2. There are a couple of podcast episodes that discuss the paradox of thrift over on EconTalk. It can be surprisingly confusing, so it might help to hear it from a Keynesian: Fazzari on Keynesian Economics. It's a bit self-serving of me, but among the over 100 comments, I might also point out my comment discussing how and why the paradox of thrift doesn't occur in the classical model of the economy. Also helpful on the paradox of thrift is the episode Reis on Keynes, Macroeconomics, and Monetary Policy.

Greg G writes:


Thanks. Your framing of the issue in your comment on the Fazzari podcast was quite helpful.

I think it is important to point out that even though savings (invested or not) is intended for future consumption, there is no guarantee that intended future consumption will actually be realized.

During depressions the whole economy can shrink and savings can be destroyed without necessarily being spent on anything or invested in anything. Now if that savings was literally in the form of cash in a cookie jar it would appreciate in value during a deflationary depression. In that scenario the cookie jar might be seen as a wise investment choice as the real purchasing value of that money increased.

But in real life most savings is deposited in a various financial institutions. If a lot of them go bankrupt at once a lot of savings can be vaporized and never realized as deferred spending or investment at all.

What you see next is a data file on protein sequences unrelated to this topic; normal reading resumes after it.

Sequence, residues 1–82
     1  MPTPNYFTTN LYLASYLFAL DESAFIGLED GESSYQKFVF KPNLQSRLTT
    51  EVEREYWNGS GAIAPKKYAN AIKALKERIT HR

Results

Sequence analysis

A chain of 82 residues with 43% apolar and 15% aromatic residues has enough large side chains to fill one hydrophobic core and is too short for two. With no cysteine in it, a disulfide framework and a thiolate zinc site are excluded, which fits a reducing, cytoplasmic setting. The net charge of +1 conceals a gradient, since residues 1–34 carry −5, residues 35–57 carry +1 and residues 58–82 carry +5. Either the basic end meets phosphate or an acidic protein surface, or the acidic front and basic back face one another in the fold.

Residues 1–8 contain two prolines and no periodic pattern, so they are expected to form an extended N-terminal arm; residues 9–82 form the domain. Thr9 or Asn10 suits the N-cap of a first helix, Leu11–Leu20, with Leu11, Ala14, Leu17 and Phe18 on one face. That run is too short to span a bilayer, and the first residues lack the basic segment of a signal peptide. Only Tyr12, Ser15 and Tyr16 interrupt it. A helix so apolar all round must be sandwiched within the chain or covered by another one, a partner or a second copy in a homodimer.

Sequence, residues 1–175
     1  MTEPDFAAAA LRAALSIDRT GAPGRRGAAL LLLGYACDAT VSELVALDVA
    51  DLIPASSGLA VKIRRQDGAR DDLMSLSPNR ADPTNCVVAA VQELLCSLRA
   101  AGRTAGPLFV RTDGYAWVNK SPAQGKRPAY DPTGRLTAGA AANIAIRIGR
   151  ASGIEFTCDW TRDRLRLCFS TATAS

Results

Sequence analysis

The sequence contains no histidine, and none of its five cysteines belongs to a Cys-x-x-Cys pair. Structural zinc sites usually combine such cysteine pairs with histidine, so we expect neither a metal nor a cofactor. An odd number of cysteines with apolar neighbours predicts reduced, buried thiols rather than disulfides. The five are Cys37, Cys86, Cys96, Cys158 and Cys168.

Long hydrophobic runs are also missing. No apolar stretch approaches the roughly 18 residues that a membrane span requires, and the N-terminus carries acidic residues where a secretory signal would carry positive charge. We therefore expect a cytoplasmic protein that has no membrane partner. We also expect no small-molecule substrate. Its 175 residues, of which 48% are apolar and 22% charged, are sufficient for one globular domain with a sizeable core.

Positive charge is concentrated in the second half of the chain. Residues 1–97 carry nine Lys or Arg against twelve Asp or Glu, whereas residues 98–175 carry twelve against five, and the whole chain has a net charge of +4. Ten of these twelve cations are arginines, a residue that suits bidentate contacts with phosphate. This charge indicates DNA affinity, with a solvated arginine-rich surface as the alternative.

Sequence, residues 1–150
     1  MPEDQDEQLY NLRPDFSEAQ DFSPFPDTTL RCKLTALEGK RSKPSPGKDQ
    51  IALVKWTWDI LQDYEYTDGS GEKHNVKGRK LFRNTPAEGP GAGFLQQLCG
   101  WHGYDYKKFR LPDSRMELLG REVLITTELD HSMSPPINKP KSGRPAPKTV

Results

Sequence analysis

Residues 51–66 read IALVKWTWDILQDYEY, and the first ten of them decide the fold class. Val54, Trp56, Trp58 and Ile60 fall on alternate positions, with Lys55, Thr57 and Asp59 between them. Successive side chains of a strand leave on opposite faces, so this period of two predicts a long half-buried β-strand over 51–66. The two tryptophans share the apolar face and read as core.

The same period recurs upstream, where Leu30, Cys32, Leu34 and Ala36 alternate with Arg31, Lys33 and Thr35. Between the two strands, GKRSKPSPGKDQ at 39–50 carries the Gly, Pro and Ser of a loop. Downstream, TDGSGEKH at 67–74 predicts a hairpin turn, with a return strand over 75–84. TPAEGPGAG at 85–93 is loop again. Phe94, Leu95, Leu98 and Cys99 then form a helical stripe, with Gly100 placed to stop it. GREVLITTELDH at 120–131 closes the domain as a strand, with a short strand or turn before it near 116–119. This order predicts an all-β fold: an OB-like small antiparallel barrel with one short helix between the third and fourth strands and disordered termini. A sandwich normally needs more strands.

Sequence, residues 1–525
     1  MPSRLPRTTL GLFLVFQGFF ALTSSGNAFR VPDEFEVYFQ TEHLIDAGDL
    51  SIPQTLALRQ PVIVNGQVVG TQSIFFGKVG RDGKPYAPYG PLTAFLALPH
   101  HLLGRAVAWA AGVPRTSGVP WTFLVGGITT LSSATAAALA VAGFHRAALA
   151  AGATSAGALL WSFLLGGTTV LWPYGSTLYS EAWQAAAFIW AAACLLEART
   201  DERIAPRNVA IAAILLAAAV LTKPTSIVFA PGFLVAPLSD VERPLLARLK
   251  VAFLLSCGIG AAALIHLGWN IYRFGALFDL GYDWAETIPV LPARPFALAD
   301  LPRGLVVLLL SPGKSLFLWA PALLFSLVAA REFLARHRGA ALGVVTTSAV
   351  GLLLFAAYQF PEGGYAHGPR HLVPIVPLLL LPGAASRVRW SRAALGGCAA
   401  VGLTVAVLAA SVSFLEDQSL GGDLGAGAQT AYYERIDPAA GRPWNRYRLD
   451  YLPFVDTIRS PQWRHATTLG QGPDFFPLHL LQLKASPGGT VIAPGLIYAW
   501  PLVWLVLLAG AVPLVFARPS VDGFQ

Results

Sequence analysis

vikingvista writes:

Greg G,

My (erroneous) semantics don't in themselves preclude a liquidity trap, but they certainly don't make one necessary or at all likely, even if large numbers of people hoard cash.

That requires further *economic* assumptions (not semantics) that I find unbelievable for those who think that there are forms of recessions that are permanent without central planning intervention, and dubious for those who think that such recessions are best remedied by central planning measures.

First, but not exclusively, because even in recessions people hoard very little cash--instead, people spend it on debt investments such as bank deposits. Even without the modern central planning diversion of bank reserves into treasuries and interest-bearing central bank deposits, increasing commercial bank liquidity reduces the risk that banks make when investing in a recessionary economy--a necessary and positive market response to such economic conditions.

But also because the liquidity trap theorists ignore (and run roughshod over with fiscal measures) the careful dispersed man-on-the-ground resource reallocation occurring during the recession that sets the seeds for a sustainable recovery. It is a mistake to think that an oversupply of or reduced demand for loanable funds means that there is no significant and expanding (even if presently small) amount of profitable investment occurring.